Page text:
Army contractors began to issue reliable, cheap, mass-produced wristwatches which were ideal for these purposes. As the scale of battles increased, artillery and infantry officers were required to synchronize watches in order to conduct attacks at precise moments, whilst artillery officers were in need of a large number of accurate timekeepers for rangefinding and gunnery. In addition, as increasing numbers of officers were killed in the early stages of the war, NCOs promoted to replace them often did not have pocket watches (traditionally a middle-class item out of the reach of ordinary working-class soldiers), and so relied on the army to provide them with timekeepers. During the First World War, officers in all armies soon discovered that in battlefield situations, quickly glancing at a watch on their wrist was far more convenient than fumbling in their jacket pockets for an old-fashioned pocket watch.

Being a popular figure in Paris, Cartier was soon able to sell these watches to other men. Cartier gave him a leather-band wristwatch from which Dumont never separated. It was not until the beginning of the 20th century that the Brazilian inventor Alberto Santos-Dumont, who had difficulty checking the time while in his first aircraft (Dumont was working on the invention of the aeroplane), asked his friend Louis Cartier for a watch he could use more easily. It was however considered a woman's accessory.

The wristwatch was invented by Patek Philippe at the end of the 19th century. Aaron Lufkin Dennison founded Waltham Watch Company in 1850, which was the pioneer of the industrial manufacturing by interchangeable parts, the American System of Watch Manufacturing. Eventually, miniaturization of these spring-based designs allowed for accurate portable timepieces which worked well even at sea. However, these watches only had an hour hand - a minute hand would have been useless considering the inaccuracy of the watch mechanism.

It is rumoured that Henry VIII (the portrait of Henry VIII at this link shows the medallion thought to be the back of his watch) had a pocket clock which he kept on a chain around his neck. In 1524, Peter Henlein created the first pocket watch[1][2]. In Tudor England, the development of "pocket-clockes" was enabled through the development of reliable springs and escapement mechanisms, which allowed clockmakers to compress a timekeeping device into a small, portable compartment. The invention of a spring mechanism was crucial for portable clocks.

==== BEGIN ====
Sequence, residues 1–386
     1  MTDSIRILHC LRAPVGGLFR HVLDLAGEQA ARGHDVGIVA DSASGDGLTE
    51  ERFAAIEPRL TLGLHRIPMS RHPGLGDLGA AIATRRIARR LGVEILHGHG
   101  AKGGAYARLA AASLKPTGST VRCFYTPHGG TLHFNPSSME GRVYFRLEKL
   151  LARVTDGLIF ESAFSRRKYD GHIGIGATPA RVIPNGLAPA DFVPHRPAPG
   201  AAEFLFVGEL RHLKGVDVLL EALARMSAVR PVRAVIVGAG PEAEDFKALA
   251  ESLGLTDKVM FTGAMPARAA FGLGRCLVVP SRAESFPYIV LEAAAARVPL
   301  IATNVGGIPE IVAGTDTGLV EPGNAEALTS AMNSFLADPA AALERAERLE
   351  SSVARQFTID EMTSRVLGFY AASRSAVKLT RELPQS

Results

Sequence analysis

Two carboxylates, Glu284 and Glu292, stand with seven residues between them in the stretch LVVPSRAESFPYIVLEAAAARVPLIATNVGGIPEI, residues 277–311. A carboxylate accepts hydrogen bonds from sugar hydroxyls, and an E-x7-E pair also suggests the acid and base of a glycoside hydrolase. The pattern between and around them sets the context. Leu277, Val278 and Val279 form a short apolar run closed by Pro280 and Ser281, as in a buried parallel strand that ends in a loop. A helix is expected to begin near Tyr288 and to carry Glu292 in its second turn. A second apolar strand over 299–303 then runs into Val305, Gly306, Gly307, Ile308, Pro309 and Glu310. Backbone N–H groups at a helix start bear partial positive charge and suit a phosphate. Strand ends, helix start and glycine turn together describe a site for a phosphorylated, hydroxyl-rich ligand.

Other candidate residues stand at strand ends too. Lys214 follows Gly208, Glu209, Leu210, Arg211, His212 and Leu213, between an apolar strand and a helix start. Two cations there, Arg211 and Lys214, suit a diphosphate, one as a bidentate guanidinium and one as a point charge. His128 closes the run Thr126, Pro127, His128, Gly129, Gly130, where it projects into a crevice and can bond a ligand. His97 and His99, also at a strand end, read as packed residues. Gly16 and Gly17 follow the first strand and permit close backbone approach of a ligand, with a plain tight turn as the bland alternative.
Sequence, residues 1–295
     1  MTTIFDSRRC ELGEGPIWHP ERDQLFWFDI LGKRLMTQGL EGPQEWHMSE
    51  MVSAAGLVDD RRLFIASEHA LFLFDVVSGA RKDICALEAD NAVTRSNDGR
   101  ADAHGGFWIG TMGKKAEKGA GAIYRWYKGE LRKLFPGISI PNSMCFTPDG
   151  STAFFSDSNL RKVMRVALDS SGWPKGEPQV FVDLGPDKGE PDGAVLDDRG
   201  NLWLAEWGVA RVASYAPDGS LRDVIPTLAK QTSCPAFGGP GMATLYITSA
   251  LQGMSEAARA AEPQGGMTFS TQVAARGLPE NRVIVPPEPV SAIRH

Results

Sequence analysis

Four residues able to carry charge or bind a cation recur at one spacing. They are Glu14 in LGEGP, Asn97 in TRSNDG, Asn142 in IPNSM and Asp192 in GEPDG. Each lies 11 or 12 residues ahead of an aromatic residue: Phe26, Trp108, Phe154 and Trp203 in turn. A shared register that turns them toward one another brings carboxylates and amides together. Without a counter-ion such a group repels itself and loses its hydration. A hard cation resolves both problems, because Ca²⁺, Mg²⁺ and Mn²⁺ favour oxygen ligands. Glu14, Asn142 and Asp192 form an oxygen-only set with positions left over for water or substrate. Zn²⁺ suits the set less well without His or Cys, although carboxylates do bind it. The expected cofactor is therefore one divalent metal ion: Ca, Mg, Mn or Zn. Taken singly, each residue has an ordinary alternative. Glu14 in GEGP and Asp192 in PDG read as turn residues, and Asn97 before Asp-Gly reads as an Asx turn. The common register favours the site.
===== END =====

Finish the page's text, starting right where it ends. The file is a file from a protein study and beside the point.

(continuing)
The first reasonably accurate mechanical clocks measured time with weighted pendulums, which are useless at sea or in watches. For that reason, most maps from the 15th century to c.1800 have precise latitudes but distorted longitudes. However, the process was notoriously unreliable until the introduction of John Harrison's chronometer. The latitude could be measured by looking at the stars, but the only way a ship could measure its longitude was by comparing timezones; by comparing the midday time of the local longitude to a European meridian (usually Paris or Greenwich), a sailor could know how far he was from home.

The earliest need for portability in time keeping was navigation and mapping in the 15th century. . Watches may be collectible; they are often made of precious metals, and can be considered an article of jewelry. The back-and-forth motion of the winding rotor couples to a ratchet to automatically wind the watch.

The invention of "Automatic" or "Self-Winding" watches allowed for a constant winding without special action from the wearer: it works by an eccentric weight, called a winding rotor, that rotates to the movement of the wearer's body. a stem winder. Mechanical timepieces are still used, usually powered by a spring wound regularly by the user, e.g. Current watches are often digital watches, using a piezoelectric crystal, usually quartz, as an oscillator (see quartz clock).

leather (often synthetic), metal, or nylon), although before the 20th century most were pocket watches, which had covers and were carried separately, often in a pocket, and hooked to a watch chain. In modern times they are usually wrist-watches, worn on the wrist with a watch-strap (made of e.g. A watch is a small portable clock that displays the time and sometimes the day, date, month and year.